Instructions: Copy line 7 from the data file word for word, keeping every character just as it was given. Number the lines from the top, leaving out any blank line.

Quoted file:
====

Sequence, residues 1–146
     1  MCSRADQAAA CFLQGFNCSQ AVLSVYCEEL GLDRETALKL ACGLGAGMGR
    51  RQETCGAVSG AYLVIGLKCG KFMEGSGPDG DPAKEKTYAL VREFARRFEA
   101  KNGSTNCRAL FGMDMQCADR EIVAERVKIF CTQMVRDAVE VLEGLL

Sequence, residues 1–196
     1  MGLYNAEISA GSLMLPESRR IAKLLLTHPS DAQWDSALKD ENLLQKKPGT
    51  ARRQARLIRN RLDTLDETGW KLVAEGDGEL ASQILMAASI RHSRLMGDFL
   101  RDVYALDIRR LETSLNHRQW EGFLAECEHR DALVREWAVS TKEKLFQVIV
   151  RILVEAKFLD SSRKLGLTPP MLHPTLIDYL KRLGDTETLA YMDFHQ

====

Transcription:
    51  ARRQARLIRN RLDTLDETGW KLVAEGDGEL ASQILMAASI RHSRLMGDFL